How To Write A Compelling (And Memorable) Mission Statement For Your Church

by | Jan 19, 2024 | Leadership

Does writing a mission statement for your church seem daunting?

Let me start with a bit of advice and a warning: your mission statement is important, but if wordsmithing a sentence is causing months-long delays of progress, then it’s time to stop overthinking, accept “good enough”, or hire a consultant to help guide you through the process so that you can focus on what you’re really called to do.

Where Pastors Get Stuck When Writing A Mission Statement

Whether you’re a church planter establishing a new church or a lead pastor reorienting your church for a new season of ministry, writing a mission statement should not be that hard.

And yet, a lot of pastors get tripped up on it.


    • They want it to be memorable.
    • They want it to be biblical.
    • They want it to have an astronomical amount of alliteration (see what I did there?)
    • And just for funsies, they want to throw some buzzwords in along the way.

In theory, that sounds like the perfect, marketable mix, but more often than not you end up with a slurry of words normal people don’t use and run-on sentences full of complex ideas.

It doesn’t have to be that way.

What Does A Good Church Mission Statement Need To Include?

The Bible actually gives us a cheat code for this in Matthew 28:18-20.

Every church’s mission statement should be rooted in The Great Commission.

Putting your own spin on it so it fits the unique nature and culture of your church, unfortunately, is where things tend to go off the rails.

A Church Planter’s Story

Recently I’ve been guiding a church planter through developing his church’s mission statement.

He struggled with producing complex concepts that often prioritized being clever over being clear. He’d then go back to the drawing board and rewrite it again, and again, and again. With each ebb and flow, one element or another would move further from the target.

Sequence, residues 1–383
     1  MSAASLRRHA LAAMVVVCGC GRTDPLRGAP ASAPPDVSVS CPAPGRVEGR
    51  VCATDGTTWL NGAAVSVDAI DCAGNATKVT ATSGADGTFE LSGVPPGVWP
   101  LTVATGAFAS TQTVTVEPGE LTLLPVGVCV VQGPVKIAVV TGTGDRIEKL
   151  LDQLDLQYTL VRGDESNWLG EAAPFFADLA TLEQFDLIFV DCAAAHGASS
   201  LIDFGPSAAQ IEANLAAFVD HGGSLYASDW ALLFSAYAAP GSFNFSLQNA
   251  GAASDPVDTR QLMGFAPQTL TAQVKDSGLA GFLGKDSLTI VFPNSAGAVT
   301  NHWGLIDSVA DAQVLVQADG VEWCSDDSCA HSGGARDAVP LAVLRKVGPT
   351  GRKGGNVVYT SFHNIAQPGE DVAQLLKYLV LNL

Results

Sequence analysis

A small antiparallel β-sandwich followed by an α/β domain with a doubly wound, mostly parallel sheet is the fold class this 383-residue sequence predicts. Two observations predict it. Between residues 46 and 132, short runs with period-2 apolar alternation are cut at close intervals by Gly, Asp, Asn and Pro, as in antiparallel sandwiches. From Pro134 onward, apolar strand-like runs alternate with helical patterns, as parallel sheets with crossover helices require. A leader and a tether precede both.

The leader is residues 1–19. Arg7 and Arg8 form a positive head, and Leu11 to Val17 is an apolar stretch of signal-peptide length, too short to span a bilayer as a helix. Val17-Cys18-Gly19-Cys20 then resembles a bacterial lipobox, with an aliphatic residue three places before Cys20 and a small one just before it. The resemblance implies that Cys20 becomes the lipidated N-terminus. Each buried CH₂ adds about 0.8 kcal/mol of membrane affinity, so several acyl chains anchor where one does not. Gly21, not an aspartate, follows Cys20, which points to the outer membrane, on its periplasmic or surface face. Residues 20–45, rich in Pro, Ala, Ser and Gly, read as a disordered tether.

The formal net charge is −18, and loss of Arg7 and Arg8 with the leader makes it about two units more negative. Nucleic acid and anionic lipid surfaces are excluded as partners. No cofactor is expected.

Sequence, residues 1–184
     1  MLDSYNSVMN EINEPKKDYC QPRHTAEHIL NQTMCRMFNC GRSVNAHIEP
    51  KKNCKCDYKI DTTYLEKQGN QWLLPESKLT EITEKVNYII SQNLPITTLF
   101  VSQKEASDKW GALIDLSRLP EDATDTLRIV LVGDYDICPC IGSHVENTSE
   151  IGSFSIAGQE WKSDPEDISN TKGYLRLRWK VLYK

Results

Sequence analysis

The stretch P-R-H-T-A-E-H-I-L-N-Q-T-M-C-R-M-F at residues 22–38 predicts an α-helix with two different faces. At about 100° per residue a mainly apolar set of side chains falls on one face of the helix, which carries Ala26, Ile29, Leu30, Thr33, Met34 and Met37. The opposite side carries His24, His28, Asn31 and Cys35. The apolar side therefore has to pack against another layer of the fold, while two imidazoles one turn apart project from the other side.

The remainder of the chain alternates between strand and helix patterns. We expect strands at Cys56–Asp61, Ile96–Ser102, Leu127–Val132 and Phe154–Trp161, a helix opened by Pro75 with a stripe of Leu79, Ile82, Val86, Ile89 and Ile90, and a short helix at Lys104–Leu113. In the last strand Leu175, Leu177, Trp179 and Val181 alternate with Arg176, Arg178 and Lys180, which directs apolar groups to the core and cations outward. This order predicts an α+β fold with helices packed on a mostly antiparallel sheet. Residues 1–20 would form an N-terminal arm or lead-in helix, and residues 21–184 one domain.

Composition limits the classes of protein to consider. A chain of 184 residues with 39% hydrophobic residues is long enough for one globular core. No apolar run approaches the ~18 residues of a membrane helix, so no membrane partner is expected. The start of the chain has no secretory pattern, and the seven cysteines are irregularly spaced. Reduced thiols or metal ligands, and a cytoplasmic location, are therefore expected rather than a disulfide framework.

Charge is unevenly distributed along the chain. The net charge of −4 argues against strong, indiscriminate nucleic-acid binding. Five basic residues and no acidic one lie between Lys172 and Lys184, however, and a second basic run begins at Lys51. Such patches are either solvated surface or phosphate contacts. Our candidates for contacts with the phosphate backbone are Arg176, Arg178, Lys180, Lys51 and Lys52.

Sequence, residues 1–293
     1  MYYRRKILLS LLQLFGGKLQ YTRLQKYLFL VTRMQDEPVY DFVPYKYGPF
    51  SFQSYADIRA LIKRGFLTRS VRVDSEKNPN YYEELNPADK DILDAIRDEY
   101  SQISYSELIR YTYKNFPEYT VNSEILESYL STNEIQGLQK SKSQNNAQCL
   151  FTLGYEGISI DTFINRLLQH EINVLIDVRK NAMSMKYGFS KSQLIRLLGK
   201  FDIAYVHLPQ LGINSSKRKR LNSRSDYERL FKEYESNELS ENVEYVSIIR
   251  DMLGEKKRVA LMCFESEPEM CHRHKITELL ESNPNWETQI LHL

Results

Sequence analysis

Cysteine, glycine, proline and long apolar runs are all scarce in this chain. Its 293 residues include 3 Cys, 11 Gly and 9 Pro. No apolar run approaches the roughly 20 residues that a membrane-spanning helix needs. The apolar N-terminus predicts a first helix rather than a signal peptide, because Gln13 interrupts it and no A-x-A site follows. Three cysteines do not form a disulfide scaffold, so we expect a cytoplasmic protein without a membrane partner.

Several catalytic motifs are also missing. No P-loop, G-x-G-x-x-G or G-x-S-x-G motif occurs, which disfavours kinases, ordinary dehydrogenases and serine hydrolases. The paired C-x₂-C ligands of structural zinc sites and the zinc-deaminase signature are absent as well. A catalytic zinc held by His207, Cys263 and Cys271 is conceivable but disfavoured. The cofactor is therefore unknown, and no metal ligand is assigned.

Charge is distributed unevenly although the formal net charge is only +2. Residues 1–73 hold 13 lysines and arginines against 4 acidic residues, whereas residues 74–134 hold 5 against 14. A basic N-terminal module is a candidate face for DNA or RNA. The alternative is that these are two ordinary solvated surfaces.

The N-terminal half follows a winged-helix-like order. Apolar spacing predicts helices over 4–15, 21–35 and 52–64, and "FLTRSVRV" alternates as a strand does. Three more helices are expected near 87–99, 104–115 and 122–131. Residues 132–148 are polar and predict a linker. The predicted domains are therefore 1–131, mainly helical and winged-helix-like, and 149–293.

• Did the examples point back to The Great Commission? Not always.
    • Was it clear? Not always.
    • Was it repeatable? Not always.

Frankly, it’s all too relatable. When we overthink, we don’t produce our best work. Rather than refine, we reinvent. And before long so much valuable time gets wasted.

This church planter has been working on his church’s mission for months. Yes, months. And that reality means it’s holding him back from progressing to vision and more important things.

The process does not have to be complicated, but trying to get it just right can feel absolutely exhausting.

In the end, I offered this simple, memorable, and Great Commission-oriented mission statement as a solution:

“We exist to help people embark on a journey of faith that’s worth sharing with others.”

It summarizes the core of The Great Commission, includes the natural use of the church’s name (Embark), and even incorporates a keyword from their brand language (“journey”).

This simple, concise mission statement checked all the boxes of why they exist while still feeling like them.

How To Start Writing A Mission Statement For Your Church

So where do you start? Here’s where I recommend you begin when writing your mission statement:

1. Reread The Great Commission in Matthew 28:18-20.

2. Get the basic idea outlined in your own words. This should be your raw, unedited response. Do not wordsmith anything. It can be full sentences or it can be bullet points – it doesn’t matter.

3. Then, rephrase your initial idea around the framing of “We exist to_____”.

4. Rough polish.

    • Is it simple? If there’s anything that doesn’t fit, get rid of it. Don’t get lost in the weeds with detail. Remove nonessentials and words that don’t change the overall meaning of the text.
    • Is it clear? The language shouldn’t sound like it came from a doctoral thesis of a theologian.
    • Is it memorable? Avoid lengthy or complex statements.

5. Refine. If key words or phrases naturally fit, now is the time to incorporate them. However, if doing so compromises the simplicity, clarity, or repeatability of what you’ve previously established, SKIP IT.

Final Review For A Clear And Memorable Mission Statement

  1. Does it address The Great Commission?
  2. Does it sound like you?
  3. Does it use accessible language?
  4. Did you eliminate unnecessary words to make it as short as possible?
  5. Is it easily memorable and repeatable?

If you answered “yes” to all of the above, then you’ve successfully written a powerful mission statement for your church. Congratulations!

Still Stuck On Your Mission Statement And Want Someone To Guide You Through The Process?

As a Certified Church Consultant, I’d love to guide you through this — as well as developing your vision statement. Schedule a 30-minute discovery call where we can talk through your sticking points and the next steps of hiring our team to get you on the pathway to progress.